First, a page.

- Provide $5 million a year in grants through 2021 to community organizations, nonprofit corporations, municipalities, schools, and any other entity to support the development of community gardens.
- Provide grants to entities to conduct pilot projects to strengthen
As currently drafted, the bill would promote urban agriculture through a number of ways. First, the creation of an Office of Urban Agriculture and the Urban Agriculture Advisory Committee would be the first federal agency dedicated towards furthering urban agriculture, which would be necessary to coordinate the many programs and initiatives described in the bill. Second, the bill includes programs for different iterations of urban agriculture, specifically community agriculture, for-profit agriculture, and rooftop agriculture. Many of these programs would provide “soft support,” such as technical assistance and educational materials. However, “firm support” in the form of grant dollars would be made available to community gardens. Lastly, the bill would provide needed federal direction regarding soil assessments in relation to urban agriculture, which is an issue that has received inadequate attention.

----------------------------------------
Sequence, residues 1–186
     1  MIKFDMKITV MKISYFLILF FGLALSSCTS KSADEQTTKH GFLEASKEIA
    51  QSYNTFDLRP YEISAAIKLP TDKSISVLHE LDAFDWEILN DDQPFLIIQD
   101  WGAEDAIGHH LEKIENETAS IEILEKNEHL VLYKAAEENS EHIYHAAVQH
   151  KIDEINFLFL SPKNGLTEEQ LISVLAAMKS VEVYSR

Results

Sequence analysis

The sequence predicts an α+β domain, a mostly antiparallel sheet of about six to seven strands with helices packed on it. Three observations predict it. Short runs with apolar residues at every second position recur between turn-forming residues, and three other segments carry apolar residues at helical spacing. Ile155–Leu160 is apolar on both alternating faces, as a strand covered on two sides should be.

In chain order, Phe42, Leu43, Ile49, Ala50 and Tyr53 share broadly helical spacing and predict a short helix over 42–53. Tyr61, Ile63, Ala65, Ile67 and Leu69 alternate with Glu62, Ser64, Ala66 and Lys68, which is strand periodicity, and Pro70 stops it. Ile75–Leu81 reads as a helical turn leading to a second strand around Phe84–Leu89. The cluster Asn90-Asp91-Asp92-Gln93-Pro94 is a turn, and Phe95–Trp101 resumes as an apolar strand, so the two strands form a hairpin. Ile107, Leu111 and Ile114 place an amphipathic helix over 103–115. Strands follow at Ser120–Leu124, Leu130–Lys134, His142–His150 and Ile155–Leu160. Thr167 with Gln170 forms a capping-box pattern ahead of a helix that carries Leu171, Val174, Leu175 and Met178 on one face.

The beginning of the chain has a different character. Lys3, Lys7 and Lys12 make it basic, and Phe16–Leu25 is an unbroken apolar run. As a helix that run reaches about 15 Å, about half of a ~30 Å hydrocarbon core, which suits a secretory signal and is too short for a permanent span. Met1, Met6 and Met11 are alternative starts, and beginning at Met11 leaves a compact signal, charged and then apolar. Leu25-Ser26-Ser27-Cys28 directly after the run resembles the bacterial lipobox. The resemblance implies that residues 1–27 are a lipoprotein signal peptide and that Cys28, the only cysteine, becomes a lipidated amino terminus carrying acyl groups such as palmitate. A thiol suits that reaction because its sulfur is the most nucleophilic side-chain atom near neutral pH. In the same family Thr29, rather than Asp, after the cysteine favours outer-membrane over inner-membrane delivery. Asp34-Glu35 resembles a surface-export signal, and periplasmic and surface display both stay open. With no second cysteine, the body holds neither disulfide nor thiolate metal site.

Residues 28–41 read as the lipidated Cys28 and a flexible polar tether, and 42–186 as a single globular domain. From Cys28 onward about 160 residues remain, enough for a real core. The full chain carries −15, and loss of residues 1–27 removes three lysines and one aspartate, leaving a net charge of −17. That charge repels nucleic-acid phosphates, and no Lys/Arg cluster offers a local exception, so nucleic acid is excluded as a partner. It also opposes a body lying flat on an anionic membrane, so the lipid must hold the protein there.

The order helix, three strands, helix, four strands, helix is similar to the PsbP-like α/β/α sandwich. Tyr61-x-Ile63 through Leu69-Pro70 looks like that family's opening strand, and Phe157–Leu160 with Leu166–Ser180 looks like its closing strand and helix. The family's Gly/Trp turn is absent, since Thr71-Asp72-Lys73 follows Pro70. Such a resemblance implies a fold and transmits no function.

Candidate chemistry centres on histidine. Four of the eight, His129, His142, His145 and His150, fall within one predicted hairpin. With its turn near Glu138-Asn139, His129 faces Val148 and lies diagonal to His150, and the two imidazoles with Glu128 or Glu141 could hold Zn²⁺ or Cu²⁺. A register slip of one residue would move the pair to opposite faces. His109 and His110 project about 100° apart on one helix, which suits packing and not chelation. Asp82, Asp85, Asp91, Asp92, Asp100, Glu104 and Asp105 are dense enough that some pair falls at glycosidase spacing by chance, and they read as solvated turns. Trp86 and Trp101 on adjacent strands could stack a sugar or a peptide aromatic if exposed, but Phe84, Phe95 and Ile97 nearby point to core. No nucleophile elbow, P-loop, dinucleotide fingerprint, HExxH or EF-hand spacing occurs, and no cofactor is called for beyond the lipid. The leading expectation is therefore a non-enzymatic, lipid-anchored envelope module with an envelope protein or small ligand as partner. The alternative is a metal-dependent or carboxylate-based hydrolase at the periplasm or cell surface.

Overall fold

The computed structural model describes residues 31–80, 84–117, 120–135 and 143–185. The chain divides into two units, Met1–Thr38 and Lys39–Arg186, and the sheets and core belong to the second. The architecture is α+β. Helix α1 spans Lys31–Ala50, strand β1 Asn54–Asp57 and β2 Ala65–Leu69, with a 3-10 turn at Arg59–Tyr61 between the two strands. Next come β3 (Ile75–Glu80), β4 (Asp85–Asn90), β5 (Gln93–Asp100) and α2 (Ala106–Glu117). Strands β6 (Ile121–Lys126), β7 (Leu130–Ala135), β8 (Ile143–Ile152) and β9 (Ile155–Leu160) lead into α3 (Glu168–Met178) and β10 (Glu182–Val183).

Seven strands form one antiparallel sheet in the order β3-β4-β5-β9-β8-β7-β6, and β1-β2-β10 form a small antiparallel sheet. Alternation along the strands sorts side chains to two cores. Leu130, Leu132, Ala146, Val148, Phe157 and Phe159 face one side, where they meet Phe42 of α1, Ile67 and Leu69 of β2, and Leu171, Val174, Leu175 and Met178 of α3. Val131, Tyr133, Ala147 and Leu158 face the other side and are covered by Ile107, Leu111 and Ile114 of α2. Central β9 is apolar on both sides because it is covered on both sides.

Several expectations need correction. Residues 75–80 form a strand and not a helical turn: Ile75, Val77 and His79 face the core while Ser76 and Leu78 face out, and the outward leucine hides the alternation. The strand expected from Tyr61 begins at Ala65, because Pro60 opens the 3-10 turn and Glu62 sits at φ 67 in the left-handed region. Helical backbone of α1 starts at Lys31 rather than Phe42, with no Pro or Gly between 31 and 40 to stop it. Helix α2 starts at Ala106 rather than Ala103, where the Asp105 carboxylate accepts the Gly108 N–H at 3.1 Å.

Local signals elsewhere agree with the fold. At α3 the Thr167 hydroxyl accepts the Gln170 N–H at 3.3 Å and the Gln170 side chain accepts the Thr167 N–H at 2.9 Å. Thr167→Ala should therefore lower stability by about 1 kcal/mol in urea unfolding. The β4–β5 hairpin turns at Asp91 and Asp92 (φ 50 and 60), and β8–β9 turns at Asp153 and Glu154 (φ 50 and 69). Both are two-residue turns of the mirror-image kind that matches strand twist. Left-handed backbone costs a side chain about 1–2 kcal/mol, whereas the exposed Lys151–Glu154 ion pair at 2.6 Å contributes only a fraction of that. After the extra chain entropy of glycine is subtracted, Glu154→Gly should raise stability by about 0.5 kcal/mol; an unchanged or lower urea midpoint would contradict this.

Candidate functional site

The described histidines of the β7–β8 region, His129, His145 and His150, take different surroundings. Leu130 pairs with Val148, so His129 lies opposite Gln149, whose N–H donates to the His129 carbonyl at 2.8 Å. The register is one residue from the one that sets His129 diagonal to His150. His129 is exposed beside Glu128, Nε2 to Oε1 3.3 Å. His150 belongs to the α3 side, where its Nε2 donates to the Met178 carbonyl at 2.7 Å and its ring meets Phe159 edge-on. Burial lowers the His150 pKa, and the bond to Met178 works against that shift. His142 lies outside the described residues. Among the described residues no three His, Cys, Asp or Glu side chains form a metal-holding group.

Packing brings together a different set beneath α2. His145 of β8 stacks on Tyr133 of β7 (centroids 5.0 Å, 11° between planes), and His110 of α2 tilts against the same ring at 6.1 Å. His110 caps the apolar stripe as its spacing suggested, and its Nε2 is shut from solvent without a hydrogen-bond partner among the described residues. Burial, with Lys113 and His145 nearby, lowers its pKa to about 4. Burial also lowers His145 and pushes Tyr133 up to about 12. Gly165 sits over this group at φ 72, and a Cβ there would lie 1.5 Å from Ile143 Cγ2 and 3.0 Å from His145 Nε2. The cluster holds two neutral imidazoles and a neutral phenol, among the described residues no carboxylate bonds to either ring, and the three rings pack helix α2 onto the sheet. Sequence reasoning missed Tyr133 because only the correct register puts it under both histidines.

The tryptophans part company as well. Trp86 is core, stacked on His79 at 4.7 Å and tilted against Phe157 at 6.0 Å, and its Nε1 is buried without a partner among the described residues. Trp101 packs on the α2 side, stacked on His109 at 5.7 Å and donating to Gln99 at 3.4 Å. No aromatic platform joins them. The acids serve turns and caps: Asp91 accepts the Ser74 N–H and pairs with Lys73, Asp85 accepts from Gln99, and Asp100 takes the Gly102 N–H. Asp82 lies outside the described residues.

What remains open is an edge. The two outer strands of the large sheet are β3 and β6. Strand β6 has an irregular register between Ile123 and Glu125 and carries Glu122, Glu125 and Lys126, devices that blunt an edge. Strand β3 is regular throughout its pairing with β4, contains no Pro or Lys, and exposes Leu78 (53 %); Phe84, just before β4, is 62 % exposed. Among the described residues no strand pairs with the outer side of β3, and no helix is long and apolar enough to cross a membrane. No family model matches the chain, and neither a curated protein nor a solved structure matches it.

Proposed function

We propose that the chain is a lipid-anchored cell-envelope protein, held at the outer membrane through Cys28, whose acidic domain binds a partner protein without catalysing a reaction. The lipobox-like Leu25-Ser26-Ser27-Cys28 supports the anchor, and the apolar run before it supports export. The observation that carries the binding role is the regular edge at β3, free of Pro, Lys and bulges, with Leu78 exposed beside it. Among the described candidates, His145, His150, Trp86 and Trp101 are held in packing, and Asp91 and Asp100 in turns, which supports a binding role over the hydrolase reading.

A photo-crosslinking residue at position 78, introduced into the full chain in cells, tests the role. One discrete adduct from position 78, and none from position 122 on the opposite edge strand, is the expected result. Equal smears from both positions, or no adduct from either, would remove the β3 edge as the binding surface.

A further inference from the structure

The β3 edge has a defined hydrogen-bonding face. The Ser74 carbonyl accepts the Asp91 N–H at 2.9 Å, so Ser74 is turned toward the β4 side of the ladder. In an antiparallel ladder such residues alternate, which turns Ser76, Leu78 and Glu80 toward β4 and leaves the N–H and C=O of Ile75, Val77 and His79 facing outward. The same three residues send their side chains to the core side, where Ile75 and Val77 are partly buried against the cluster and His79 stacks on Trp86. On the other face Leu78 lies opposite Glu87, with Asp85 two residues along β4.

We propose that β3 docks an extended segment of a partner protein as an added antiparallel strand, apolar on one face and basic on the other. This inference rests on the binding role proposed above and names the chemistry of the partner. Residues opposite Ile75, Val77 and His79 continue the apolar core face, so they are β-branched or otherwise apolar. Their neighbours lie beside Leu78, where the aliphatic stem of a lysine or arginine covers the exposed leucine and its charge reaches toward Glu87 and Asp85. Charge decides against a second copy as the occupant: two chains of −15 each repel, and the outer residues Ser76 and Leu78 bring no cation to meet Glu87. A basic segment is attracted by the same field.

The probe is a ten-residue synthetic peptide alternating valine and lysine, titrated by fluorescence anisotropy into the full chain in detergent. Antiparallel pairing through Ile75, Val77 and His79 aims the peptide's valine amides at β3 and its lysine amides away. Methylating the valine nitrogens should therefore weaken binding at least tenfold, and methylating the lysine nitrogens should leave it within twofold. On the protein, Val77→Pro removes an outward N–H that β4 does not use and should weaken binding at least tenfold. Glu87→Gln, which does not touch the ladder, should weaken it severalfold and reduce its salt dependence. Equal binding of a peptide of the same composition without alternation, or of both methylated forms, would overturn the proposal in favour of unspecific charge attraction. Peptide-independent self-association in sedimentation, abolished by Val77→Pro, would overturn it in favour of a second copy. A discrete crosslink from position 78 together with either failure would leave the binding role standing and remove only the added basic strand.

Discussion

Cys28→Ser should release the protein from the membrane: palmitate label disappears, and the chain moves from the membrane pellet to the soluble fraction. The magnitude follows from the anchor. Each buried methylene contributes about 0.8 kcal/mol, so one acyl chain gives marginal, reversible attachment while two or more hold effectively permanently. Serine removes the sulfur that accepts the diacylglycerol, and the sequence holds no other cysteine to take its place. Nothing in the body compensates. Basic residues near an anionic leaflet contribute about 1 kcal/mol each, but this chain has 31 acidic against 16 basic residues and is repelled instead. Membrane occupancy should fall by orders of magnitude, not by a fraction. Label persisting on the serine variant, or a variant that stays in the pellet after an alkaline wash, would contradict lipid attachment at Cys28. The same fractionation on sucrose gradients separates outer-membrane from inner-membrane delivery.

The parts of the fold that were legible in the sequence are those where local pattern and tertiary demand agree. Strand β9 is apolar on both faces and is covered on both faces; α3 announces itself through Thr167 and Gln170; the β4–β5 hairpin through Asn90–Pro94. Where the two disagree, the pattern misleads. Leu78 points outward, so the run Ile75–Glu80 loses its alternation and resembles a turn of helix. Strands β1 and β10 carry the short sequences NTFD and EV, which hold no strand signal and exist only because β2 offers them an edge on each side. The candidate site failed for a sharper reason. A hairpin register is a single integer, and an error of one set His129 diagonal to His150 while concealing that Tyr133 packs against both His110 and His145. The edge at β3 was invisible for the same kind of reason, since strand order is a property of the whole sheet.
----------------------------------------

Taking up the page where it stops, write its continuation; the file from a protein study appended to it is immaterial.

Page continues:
Now let’s go back to the original question: does this bill accomplish the purpose of promoting urban agriculture? The answer is best phrased as a “yes, but…” Specifically, yes, the bill obviously provides valuable resources that will undoubtedly promote urban agriculture, but improvements to local policy are necessary for this federal bill to achieve its stated purposes.